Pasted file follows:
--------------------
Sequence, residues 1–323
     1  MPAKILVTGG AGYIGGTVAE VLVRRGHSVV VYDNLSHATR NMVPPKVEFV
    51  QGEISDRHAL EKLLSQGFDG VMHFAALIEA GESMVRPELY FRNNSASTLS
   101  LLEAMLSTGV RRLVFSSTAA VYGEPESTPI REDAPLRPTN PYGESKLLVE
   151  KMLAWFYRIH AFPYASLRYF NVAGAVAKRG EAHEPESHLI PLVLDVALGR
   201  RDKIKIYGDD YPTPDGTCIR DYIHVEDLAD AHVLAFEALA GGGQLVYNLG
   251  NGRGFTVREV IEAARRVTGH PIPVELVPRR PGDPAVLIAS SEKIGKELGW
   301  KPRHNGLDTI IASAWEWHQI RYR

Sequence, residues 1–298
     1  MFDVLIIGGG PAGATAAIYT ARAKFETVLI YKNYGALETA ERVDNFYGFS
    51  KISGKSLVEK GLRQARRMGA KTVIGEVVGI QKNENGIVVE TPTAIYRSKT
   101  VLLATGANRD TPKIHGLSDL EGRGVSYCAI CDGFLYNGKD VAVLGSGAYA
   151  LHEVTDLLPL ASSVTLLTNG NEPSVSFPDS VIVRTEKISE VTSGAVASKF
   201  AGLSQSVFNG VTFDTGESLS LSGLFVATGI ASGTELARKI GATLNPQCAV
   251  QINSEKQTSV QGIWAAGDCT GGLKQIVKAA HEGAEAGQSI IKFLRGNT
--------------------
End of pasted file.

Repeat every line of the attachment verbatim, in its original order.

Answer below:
Sequence, residues 1–323
     1  MPAKILVTGG AGYIGGTVAE VLVRRGHSVV VYDNLSHATR NMVPPKVEFV
    51  QGEISDRHAL EKLLSQGFDG VMHFAALIEA GESMVRPELY FRNNSASTLS
   101  LLEAMLSTGV RRLVFSSTAA VYGEPESTPI REDAPLRPTN PYGESKLLVE
   151  KMLAWFYRIH AFPYASLRYF NVAGAVAKRG EAHEPESHLI PLVLDVALGR
   201  RDKIKIYGDD YPTPDGTCIR DYIHVEDLAD AHVLAFEALA GGGQLVYNLG
   251  NGRGFTVREV IEAARRVTGH PIPVELVPRR PGDPAVLIAS SEKIGKELGW
   301  KPRHNGLDTI IASAWEWHQI RYR

Sequence, residues 1–298
     1  MFDVLIIGGG PAGATAAIYT ARAKFETVLI YKNYGALETA ERVDNFYGFS
    51  KISGKSLVEK GLRQARRMGA KTVIGEVVGI QKNENGIVVE TPTAIYRSKT
   101  VLLATGANRD TPKIHGLSDL EGRGVSYCAI CDGFLYNGKD VAVLGSGAYA
   151  LHEVTDLLPL ASSVTLLTNG NEPSVSFPDS VIVRTEKISE VTSGAVASKF
   201  AGLSQSVFNG VTFDTGESLS LSGLFVATGI ASGTELARKI GATLNPQCAV
   251  QINSEKQTSV QGIWAAGDCT GGLKQIVKAA HEGAEAGQSI IKFLRGNT